nice work, Barry. amazed CNBC let you deliver. every money manager/prognosticator should have last year’s predictions/results pinned to their chests as they spout off. i too think 1250 the linchpin, perhaps not the pivot. the economy looking like 2002 but we’re still up 90% from the lows. market has to get serious here and start putting in some serious declines. while it may rally again from that 50% retracement, i think the FRB will get serious after the election and raise rates to slow this global inflation they unleashed. then down again.

  5. barley commented on Jan 10

    I am less optimistic for 2008, than you. On a macro level, considerable wage pressures from the service sector, but not labour as the trend has been multi-year contracts at low pay-raise levels, this will be inflationary.

    I also do not see residential/commercial construction improving until 2011. The current housing mess is creating net-negative wealth and the subsequent psychology will unfold in 2008.

    The amount (%) and the type of paper the Fed has taken in trade of cold hard cash scares the begeezzes out of me.

    The credit cycle is done but I have not seen the unwind of leveraged positions. Kinda like air hockey – the pucks floats as long as everybody plays.

    I am anxious to see the Q4 and Q1(08)balance sheets for the financials. My gut is telling me a few folks will be tippy.

    The current thinking is that all will be well in the US because of the health of the rest of the world. I find this perverse. India’s growth was/is fueled by EU and US demand. China’s growth was/is fueled by EU, UK, and US demand.

    Since I am now 93% cash at the moment (the first time since 1986) I dont really care where the DOW might be as 2008 closes but I would be interested in a few things at 9600ish.

    Enjoy your writing.

  6. Peggy commented on Jan 10

    This market has been so volatile all year, I blame it on the options traders. Seems to me it will continue to yo yo.

    Home prices need to come down. They have been rising too much too fast.


  7. michael schumacher commented on Jan 10

    yet again…..more hot air to the rescue. This is disgusting……

    make it a little less obvious


  8. kio commented on Jan 10

    Predicted S&P 500 returns for 2008.

    So, our prediction for 2007 was accurate enough considering uncertainty in corresponding population (9-year-olds) measurements. Figure 1 below displays annual returns – measured and predicted. For December 2007, predicted value was in the range 1440-1450. Actual level was 1467. We do not re-calibrate our model for this final value and present monthly SP 500 levels for 2008, as obtained in August 2007 (see our post on calibration issue). We will likely re-calibrate the model in 2009, when a new fall comes.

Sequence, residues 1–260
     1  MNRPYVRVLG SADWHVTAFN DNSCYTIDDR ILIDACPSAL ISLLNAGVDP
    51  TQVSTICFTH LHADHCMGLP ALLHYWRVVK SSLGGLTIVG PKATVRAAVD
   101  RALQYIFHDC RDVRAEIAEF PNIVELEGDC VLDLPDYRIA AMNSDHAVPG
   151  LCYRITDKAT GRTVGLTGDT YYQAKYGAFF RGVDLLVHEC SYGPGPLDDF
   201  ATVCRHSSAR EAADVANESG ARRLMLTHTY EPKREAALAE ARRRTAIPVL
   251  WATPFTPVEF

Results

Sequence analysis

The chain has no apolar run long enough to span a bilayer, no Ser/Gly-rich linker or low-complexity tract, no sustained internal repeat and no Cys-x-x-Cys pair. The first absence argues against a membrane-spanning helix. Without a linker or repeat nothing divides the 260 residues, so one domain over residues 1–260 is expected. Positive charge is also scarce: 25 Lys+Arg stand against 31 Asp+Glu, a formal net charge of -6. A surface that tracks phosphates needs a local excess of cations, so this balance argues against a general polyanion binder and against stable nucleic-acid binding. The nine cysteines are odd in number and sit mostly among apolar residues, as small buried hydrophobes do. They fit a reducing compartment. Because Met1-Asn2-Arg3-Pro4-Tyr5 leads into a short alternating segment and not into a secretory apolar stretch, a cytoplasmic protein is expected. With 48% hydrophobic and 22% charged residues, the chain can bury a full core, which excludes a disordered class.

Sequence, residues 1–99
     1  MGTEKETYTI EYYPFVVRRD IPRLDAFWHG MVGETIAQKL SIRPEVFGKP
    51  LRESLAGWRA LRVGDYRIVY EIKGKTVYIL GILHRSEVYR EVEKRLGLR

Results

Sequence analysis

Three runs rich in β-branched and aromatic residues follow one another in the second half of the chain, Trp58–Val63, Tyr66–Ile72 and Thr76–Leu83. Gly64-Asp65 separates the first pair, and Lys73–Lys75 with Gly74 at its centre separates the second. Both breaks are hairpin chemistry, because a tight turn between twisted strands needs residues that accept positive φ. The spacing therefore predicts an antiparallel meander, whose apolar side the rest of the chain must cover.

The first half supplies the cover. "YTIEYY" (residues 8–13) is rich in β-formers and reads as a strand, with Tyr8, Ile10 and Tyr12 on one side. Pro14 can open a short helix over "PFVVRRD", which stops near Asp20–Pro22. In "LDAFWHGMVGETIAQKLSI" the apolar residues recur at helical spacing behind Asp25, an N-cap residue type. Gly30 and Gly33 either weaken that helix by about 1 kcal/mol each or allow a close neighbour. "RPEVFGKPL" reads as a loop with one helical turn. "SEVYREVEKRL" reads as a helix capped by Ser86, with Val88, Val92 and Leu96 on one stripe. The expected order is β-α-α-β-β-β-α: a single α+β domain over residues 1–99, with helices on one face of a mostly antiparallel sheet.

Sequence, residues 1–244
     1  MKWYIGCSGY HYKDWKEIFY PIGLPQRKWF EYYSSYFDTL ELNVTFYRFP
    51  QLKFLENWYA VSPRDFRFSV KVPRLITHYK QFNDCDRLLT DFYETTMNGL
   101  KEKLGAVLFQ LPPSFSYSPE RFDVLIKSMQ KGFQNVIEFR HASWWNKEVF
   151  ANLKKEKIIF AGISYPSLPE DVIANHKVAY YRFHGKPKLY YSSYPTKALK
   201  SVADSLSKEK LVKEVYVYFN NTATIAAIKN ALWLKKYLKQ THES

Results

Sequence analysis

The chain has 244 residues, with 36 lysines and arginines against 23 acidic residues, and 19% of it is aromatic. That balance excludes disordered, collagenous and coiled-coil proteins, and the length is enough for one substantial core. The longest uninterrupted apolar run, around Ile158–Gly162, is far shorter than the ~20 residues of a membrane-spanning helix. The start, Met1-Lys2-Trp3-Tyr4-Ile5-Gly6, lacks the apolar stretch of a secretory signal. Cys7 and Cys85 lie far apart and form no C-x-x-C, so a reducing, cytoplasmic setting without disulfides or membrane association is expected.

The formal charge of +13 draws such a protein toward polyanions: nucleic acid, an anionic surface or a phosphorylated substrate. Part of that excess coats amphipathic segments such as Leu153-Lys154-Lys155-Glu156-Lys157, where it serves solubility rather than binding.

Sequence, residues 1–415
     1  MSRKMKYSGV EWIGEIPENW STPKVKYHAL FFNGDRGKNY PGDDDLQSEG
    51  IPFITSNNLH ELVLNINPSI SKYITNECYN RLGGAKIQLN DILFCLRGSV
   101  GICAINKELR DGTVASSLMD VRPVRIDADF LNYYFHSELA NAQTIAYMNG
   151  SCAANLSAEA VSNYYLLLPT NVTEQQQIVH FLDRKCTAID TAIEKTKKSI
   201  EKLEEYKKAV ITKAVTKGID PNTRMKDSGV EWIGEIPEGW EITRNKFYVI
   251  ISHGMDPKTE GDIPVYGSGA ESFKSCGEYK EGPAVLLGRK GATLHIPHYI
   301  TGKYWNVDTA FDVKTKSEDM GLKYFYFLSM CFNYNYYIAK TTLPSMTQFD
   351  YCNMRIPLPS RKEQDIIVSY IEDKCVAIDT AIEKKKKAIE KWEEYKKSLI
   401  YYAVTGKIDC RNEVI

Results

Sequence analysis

Relevant (annual) returns, which are fixed to 6% before October 2008, are also in Figure 1 –

    Table 1 presents monthly returns and corresponding close levels of S&P 500.
    Month Close Return
    Jan 1503. 0.024
    Feb 1523. 0.013
    Mar 1491. -0.021
    Apr 1505. 0.010
    May 1570. 0.041
    Jun 1621. 0.031
    Jul 1537 -0.052
    Aug 1568. 0.020
    Sep 1643 0.047
    Oct 1621. -0.012
    Nov 1820 0.122
    Dec 1770 -0.027

    Notice an upward move in May, June, and November. Since population data are not too much reliable, one can expect actual start of the jump to the level of 1800 in October, 2008. But November 2008 should the month of surprise.
    Figure 2 provides a general view on cumulative returns starting from 198. Predicted cumulative return gives several next years with elevated annual returns.

    Details in:
    Ivan O. Kitov, Oleg I. Kitov
    Exact prediction of SP 500 returns

  9. Pat Gorup commented on Jan 10

    Why would anyone buy a gold miner instead of the metal itself and take outright posession? Also, why is it that money managers/analysts consistently refer to gold specifically and not precious metals in general? When other countries start cutting their benchmark rates the dollar will begin to firm and oil prices will pull back. Gold is specifically linked to the fate of both the dollar and oil. Silver has thrived between 2002-2007 because of our economy and in the future will benefit as a hedge against inflation.

  10. PJ commented on Jan 10

    Nice forecasting and financial writing, but know that a limerick has 5 lines, not 4.

  11. danf commented on Jan 11

    Why would anyone buy a gold miner instead of the metal itself and take outright possession?
    The maximum Long Term Capital Gain tax rate for collectibles (including precious metals) is 28%.

    The maximum LTCG tax rate for stock is 15%.

    So you may get taxed more on gold.

  12. blam commented on Jan 12

    Only a 10 percent sag into the annual low ? Seems too low, I wouldn’t be surprised by S&P at 1100. Hope your right.